Many of the students that we work with are diagnosed with ADHD or anxiety. These students often struggle with similar types of cognitive disfunction symptoms, like becoming easily distracted by intrusive thoughts or sounds. For accommodated students, being able to stop the clock to avoid racing thoughts and fears can be incredibly effective. But for those who do not have this type of test-day accommodation, relying on quick and easy techniques to regain your focus and get back to answering test questions is critical.
Below are five ways that are proven to help students regain focus. My students and I even developed a mnemonic to help remember the techniques on test day. Find a technique or two that works for you, and add them to your test-day toolbox.
1. Go ahead to another question. Take a peek at some easy questions that are easier to think clearly and maintain your focus on.
2. Define your success, and then offer yourself a reward. Reward yourself with something you like to do after a successful exam. For example: “If I finish strong without rushing, I’ll take a walk and get some ice cream later.”
3. Mantras, Mantras, Mantras. A simple mantra can be chanted either before or during your exam (but not out loud if you are not able to talk out loud during your exam). When we utter the same word over and over again, it generates sounds and vibrations, that boost our concentration power. Moreover, it helps us take complete control of our mind. Try the simple utterance of the word OM. The chanting of OM repeatedly sends across vibrations essential for the nourishment of the mind.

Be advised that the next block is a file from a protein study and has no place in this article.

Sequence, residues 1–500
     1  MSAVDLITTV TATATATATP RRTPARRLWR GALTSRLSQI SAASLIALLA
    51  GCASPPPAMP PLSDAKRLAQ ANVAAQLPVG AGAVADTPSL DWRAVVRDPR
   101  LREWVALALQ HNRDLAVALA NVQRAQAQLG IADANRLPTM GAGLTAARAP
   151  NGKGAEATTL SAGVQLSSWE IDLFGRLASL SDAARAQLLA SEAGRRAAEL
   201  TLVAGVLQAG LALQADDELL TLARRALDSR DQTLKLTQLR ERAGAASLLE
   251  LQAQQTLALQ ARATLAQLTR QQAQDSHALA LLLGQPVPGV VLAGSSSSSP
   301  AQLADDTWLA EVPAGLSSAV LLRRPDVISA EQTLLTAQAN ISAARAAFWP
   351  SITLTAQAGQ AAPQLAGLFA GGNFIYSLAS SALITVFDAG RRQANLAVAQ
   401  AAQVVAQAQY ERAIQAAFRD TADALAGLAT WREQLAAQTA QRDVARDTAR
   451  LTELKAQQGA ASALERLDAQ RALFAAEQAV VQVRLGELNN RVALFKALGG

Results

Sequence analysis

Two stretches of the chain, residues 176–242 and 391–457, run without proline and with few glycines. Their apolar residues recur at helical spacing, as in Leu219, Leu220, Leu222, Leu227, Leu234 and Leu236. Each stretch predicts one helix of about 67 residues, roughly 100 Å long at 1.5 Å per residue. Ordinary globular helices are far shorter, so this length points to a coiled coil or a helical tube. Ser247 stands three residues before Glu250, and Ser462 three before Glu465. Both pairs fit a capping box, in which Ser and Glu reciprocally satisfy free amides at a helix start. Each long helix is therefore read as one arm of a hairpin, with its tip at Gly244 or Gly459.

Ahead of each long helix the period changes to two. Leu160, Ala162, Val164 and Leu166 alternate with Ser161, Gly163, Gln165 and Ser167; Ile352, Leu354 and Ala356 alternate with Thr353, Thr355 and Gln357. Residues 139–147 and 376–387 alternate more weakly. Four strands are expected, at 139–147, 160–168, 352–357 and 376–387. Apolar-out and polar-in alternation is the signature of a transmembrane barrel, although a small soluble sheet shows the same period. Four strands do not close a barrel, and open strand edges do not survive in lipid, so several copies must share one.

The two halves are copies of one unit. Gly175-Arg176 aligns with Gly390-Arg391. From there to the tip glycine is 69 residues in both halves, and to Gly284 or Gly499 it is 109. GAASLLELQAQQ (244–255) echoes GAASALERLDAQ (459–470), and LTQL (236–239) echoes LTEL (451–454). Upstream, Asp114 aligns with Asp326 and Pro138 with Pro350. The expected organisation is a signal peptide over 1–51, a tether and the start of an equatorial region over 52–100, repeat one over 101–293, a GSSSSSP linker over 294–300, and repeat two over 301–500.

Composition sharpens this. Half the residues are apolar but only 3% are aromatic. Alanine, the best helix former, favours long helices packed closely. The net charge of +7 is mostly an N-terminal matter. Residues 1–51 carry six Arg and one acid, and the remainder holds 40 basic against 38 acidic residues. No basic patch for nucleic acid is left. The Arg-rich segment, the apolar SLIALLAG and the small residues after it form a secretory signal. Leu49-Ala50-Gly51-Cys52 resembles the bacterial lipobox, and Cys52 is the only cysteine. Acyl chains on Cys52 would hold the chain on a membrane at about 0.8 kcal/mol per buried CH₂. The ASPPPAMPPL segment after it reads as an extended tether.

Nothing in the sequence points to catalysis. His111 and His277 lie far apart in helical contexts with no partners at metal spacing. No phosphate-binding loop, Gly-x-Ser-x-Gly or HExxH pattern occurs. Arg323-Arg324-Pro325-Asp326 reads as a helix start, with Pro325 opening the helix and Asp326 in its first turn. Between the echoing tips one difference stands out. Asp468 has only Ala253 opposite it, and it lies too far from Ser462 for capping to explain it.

4. Accepting Reality (a Dialectical Behavioral Therapy technique). In a high-pressure testing situation, there are things you wish you could change, but simply can't. So, how do you cope? Breathe deeply, by counting your breaths, or closing a nostril on the inhale and breathing through your nose. This helps calm your body and your mind and stay in a wise mindset.
5. "Half-smiling" and Posture exercises — Relax your face and mouth completely, turning your mouth up in a Buddha-like half-smile. It's a serene, relaxed facial expression that relaxes your body so your mind will start to follow. Be aware of your body posture, how your neck and shoulders feel, how much work your wrists are doing, and the way your body feels in your chair. Listen for the sounds of the birds outside. Look away from your screen or paper and relax your eye muscles.
You can combine most of these techniques into an easy-to-remember mnemonic: BORPS. BORPS stands for breathing, om, reward, posture, and smiling. Write in on your paper when your exam starts, and try moving through a few of the techniques in under twenty seconds. If you can do this, you'll be well on your way to maintaining and supporting a clear, focused and conscious test-day brain.
Study on, and study well!
Shana Ginsburg, Esq.
Founder and CEO,
Ginsburg Advanced Tutoring, LLC
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